By JON ALLAN
The “Trial of the Century” is a phrase used to denote an important trial that gained widespread notice and publicity. During the 20th Century there are a number of trials that legal experts consider fall into this category: The Harry K. Thaw Murder Trial (1906), The Sacco-Vanzetti Trial (1920s), The Leopold-Loeb Case (1924), The Scopes Monkey Trial (1925), The Lindbergh Kidnapping (1932), The Gloria Vanderbilt Custody Trial (1934), The Nuremberg Trials (1945), The Manson Family Trial (1970-71) and The O. J. Simpson Trial (1995). To a lesser degree was the trial of Dr. Sam Sheppard or “Dr. Sam,” the sobriquet he generally went by.
What makes Dr. Sam’s Trial unique from the others is that it ran from 1954-2002 and has never been satisfactorily concluded. It began on July 3-4, 1954 when Dr. Sam found his wife Marilyn dead in their upstairs bedroom. The Sheppards were an upper middle class couple that lived in an upscale home on Lake Eire in Bay View, Ohio, near Cleveland. From the start of whole episode Sheppard told essentially the same story. After having a party Marilyn, went to bed and Sam fell asleep on the day-bed while watching a movie. He awoke up to what he thought was someone calling his name. Running up to the bedroom he saw a shadowy figure that he grappled with until he was knocked out from behind. When he came to he checked bloody scene and found his wife was dead. Finding the back door open he saw a tall, middle aged “bushy haired man” running towards the lake. He caught up with the man and in a second fight was again knocked unconscious. From the time the first policeman arrived the circus began. The house and lawn were soon filled with police, reporters, neighbors and the curious, wandering in and out of the murder scene. With no one in charge Dr. Samuel Gerber, the county coroner, arrived and took over. Gerber immediately believed Sheppard had been the killer. Newspapers, at first sympathetic, were soon pressing in bold headlines for his arrest.
The ensuing trial began on October 18th and turned into what the New York Times described as a “Roman Circus” with a posturing judge, cover-ups and biased media coverage that convicted him in the press. Sheppard was found guilty of second-degree murder and was sentenced to life imprisonment. Within a month his mother had committed suicide and his father had died of cancer. Sheppard’s lawyer, in hindsight had made serious mistakes but he kept appealing.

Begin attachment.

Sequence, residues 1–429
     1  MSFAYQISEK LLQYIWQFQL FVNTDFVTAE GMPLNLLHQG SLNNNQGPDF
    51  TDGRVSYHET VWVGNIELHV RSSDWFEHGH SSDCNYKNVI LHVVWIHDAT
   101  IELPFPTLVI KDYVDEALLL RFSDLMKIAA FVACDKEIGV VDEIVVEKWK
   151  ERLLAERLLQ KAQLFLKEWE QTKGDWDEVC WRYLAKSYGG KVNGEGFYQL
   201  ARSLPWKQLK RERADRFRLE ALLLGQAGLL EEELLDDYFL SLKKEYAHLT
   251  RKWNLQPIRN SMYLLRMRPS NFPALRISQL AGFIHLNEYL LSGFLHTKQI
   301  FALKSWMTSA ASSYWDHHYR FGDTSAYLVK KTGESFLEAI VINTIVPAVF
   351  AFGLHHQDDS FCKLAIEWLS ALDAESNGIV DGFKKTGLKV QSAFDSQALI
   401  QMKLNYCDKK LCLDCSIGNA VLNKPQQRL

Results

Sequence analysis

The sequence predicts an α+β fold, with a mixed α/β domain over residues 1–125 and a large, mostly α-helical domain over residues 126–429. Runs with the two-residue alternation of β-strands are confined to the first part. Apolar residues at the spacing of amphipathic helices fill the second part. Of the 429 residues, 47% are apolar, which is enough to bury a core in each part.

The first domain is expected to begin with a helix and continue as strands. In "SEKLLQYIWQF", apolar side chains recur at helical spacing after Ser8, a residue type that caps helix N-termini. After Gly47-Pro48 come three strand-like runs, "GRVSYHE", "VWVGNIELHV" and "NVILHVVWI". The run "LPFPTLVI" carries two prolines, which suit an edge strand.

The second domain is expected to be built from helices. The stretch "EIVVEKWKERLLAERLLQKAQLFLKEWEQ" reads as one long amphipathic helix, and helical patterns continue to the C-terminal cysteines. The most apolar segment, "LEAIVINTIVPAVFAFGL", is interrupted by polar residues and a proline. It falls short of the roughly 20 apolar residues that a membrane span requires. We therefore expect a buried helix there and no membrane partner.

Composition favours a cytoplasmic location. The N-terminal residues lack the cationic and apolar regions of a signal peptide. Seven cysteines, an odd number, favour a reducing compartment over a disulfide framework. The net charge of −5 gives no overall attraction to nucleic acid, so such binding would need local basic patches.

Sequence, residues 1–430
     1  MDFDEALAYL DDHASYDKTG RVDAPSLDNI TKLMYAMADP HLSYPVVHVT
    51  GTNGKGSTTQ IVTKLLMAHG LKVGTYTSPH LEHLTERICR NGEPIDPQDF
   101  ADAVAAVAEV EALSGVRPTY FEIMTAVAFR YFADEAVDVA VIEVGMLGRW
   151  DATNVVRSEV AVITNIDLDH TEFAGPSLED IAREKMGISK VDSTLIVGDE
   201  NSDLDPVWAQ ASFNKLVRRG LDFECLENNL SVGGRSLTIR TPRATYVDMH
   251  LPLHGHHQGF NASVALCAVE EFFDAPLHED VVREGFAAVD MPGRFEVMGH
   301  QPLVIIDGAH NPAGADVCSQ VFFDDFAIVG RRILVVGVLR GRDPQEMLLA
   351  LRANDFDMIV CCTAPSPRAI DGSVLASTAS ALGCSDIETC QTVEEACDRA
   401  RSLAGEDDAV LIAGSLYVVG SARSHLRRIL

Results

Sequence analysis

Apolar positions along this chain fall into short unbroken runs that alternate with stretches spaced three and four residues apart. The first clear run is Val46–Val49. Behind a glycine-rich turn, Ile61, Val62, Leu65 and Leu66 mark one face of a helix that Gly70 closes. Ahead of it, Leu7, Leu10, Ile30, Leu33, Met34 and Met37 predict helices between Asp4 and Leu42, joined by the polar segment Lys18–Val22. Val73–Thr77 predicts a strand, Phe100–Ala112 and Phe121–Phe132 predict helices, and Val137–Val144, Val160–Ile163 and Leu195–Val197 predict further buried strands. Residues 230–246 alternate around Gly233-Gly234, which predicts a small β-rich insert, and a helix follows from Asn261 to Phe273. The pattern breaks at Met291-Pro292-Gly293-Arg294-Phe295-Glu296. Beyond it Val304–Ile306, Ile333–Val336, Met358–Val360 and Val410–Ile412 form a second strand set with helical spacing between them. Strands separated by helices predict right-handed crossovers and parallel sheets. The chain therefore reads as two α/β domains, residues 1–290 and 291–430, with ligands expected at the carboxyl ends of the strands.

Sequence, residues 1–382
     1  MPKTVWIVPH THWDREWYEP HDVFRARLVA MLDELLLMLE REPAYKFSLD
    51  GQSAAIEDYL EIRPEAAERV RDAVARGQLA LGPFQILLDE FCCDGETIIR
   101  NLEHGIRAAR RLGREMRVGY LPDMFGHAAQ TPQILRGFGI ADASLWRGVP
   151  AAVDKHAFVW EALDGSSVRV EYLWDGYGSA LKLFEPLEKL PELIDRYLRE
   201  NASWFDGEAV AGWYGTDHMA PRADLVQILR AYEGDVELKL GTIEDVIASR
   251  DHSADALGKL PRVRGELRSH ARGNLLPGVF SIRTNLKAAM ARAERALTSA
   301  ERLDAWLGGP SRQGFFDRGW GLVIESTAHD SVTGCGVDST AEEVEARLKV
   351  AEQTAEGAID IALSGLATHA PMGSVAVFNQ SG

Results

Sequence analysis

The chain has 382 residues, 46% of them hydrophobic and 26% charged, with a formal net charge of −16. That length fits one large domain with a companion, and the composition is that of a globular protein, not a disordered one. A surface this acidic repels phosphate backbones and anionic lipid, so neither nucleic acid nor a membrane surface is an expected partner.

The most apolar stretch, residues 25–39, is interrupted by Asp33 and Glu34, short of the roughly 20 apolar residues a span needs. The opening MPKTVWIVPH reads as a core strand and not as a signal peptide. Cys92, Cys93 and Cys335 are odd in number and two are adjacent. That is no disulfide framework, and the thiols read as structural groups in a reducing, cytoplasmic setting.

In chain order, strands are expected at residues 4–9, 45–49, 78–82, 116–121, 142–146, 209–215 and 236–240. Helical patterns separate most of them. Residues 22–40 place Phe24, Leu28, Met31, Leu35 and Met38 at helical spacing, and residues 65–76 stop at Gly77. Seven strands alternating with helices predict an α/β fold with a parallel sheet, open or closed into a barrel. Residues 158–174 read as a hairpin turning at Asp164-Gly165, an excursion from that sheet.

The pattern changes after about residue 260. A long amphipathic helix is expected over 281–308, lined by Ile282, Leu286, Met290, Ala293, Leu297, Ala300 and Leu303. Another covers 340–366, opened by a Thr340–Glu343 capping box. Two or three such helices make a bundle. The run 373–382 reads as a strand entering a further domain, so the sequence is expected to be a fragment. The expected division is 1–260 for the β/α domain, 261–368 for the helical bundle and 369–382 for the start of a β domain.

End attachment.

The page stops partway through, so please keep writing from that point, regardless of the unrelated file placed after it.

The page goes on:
In 1961 a brash flamboyant young lawyer, F. Lee Bailey took on Sheppard’s case and instituted a number of motions, finally reaching the Supreme Court, which overturned the conviction 8-1. In 1968 he was re-tried and easily acquitted. Sheppard’s freedom was fleeting and depressive. Three days after leaving prison he married Ariane Tebbernjohaans, a stunning blonde 33-year old German divorcee with whom he had been corresponding and become engaged. She also created a controversy when it became known that she was the half-sister of Magda Rictchel, the wife of Nazi propaganda chief Joseph Goebbels. Sheppard and a ghost writer quickly wrote a book, Endure and Conquer, which told his side of the murder story and his 12-years of life in prison. Sam and Ariane went on the publicity circuit but were divorced less than two years later. Sheppard went back into medical practice but soon quit after the families of two dead patients sued him for malpractice. He found it hard to find work until he met George Strickland and began a brief career as a professional wrestler going by the name of “The Killer.” Six months before his death he married Strickland’s 20 year old daughter. On April 6, 1970 he died from the affects of alcoholism, having become a two fifth a day drinker plus having an addiction to pills. His son and others have spent years trying to regain Sheppard’s good name, but in a third civil trial he was found “not innocent,” leaving his guilt or innocense still undecided. The last legal case, in 2002, seemingly ended his long trek through the legal system. Sheppard has been the subject of numerous books and articles, documentaries and his case became the basis for the highly popular TV series, The Fugitive (despite the creator’s denials) and several movies.
Sheppard’s autograph is worth well in excess of $100 but by checking booksellers I found several copies of his autobiography, jointly signed by he and Ariane, from their book tour. One copy cost me $8.00. This is a good reminder that hunting through bookstores or the internet can find you historic treasures for little or nothing. In the past month my wife has found 6 signed books in Goodwill Stores, they cost $1-2 and none was worth less than $35.00. Happy hunting.